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Paul Meeks: Apple (AAPL) Could See a 40% Drop

Tuesday, December 31, 2019 | Steve Anderson
Paul Meeks: Apple (AAPL) Could See a 40% Drop

It's one of the biggest tech stocks there is, and a come-from-behind underdog that turned into a behemoth over the course of the 2010s. It's fundamentally shaken up not only technology, but the arts as well, and even the entire field of e-commerce owes a lot to it. It's Apple (NASDAQ:AAPL), and it was one of the biggest names on the Dow in 2019. One Apple investor, Independent Solutions Wealth Management portfolio manager Paul Meeks, thinks that Apple's 2020 may be nowhere near as good as its 2019, and is looking for as much as a 40% drop.

Too Good Can't Last, And So The Apple Falls

Basically, Meeks is asserting a familiar assertion: Apple stock has done well and produced almost ongoing expansion. But if there's one thing that isn't sustainable, it's ongoing expansion. Thus, Meeks looks for Apple stock to drop well off its current price of around $292 a share as of this writing.

Meeks, in a turnaround sure to raise eyebrows clean off foreheads entirely, puts his own value projection of Apple stock at “about $170 a share, believe it or not.” Given that Meeks made his bones running the biggest technology fund on the planet during the days of the dot-com boom, anything his models have to say take on a new and all-too-real life of their own.

Meeks doesn't have a lot of company in his projections. Word from FactSet puts Apple buy recommendations at 20, while analysts recommending sell sit at just six. Fully 10 analysts are neutral, which suggests a lot of weight that could swing either way and compound potential issues. Our own coverage, however, finds that Apple short interest is on the decline, as December's Apple shorts were just over 20% what they were in November. Overall news about Apple has also been on the positive side, as InfoTrie reports put Apple near the top of its scale in positivity. Piper Jaffray bumped up its own recommendation on Apple thanks to the planned release of a 5G iPhone.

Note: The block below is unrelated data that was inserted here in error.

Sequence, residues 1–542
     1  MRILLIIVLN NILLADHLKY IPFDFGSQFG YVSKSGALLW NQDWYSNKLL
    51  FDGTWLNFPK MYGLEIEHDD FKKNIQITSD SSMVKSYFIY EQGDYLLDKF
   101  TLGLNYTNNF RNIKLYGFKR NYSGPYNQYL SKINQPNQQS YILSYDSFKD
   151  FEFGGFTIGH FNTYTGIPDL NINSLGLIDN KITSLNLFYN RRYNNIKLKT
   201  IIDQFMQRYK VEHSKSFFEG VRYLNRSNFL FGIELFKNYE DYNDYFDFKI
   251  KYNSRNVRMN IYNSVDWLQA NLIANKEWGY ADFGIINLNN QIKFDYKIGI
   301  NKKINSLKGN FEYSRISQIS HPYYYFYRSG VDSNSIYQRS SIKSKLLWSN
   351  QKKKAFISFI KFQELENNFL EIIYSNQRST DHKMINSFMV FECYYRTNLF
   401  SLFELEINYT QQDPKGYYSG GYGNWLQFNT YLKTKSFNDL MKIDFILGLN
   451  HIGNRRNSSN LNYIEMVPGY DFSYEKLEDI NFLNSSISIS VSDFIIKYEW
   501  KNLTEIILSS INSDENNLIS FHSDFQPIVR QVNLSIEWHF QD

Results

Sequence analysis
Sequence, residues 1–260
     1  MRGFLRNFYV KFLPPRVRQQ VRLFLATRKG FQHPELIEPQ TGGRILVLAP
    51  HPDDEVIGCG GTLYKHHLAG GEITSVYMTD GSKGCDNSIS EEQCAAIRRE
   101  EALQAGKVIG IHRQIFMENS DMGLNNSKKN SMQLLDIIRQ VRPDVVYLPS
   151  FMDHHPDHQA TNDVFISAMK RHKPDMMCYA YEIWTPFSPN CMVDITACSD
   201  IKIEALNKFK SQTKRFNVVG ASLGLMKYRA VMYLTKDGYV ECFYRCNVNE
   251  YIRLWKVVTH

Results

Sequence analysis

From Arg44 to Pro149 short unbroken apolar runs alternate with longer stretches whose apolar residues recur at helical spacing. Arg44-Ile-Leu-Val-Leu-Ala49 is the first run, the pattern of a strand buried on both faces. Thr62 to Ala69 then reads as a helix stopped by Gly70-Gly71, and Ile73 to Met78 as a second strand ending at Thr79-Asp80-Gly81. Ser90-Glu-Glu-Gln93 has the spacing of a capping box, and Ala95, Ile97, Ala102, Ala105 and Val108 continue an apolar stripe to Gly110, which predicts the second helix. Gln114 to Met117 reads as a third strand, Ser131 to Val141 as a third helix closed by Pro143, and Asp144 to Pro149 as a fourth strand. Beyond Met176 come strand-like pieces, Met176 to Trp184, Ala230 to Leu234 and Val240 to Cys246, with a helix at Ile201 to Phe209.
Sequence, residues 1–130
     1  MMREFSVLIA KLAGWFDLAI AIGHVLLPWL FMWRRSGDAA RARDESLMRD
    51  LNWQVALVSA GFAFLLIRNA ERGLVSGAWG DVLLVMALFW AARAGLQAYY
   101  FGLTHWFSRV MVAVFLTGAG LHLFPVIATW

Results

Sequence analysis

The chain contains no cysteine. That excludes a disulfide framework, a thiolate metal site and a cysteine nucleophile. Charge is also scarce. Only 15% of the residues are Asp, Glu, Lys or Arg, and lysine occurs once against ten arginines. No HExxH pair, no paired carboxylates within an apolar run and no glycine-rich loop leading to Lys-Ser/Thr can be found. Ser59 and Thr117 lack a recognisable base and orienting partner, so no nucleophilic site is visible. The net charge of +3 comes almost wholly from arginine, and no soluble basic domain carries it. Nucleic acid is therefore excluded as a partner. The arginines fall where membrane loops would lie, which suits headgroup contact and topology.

Moreover, despite the projections, and the performance that Apple has turned in so far, even Meeks held shares of Apple, mostly because his own performance is being judged against tech benchmarks. Meeks even has some sentiment attached to Apple, calling it “iconic”, which makes sense given the last 10 years.

What's So Rotten at Apple's Core?

A drop in share price that substantial has to come with some reasons behind it, and Meeks doesn't disappoint. Meeks' biggest target is basic fundamentals; the smartphone market is not what it was back during Apple's big run-up period, and Apple's move away from hardware to software-as-a-service (SaaS) operations isn't likely to sustain big numbers.

What's more, smartphone hardware isn't really a growth market any more. It certainly doesn't help that the last big period for growth in the global smartphone market was back in 2015. Granted, iPhone 11 sales proved to be better than expected, but the days of people lining up for the new Apple device seem to be waning. Piper Jaffray's earlier studies underscore this point well; it found that 51% of respondents in a study were willing to buy a new iPhone in 2019, but back during the iPhone XR, XS, and XS Max launches, that number was up around 69%

Nothing Gold Can Stay

With the end of the year now at hand, many turn contemplative, and here a line from Robert Frost might best sum up Apple's future: nothing gold can stay.

Apple has had an amazing run of things through the 2010s. It basically launched the smartphone concept—though some might say that the late 2000s were the smartphone's real glory days—and had a direct hand in the gains seen in the mobile payments market. Sure, we likely still would have had mobile payments without Apple Pay—PayPal, Square, and a host of other firms would have seen to that—but without Apple Pay, without the iPhone, would it be anywhere near what it is today?

Yet markets inevitably change. Nothing gold can stay.  Oh, Apple won't be closing its doors any time soon; it's entirely too well-diversified for that. But without the prop of massive hardware sales, it's a safe bet that Apple is in for a decline, at some point. Apple TV subscriptions and Apple Pay percentages just aren't a match for crowds at the door of the Apple Store, clamoring for the next iPhone. Customers are starting to space out those Apple purchases, and that means a drop for Apple is fairly likely.


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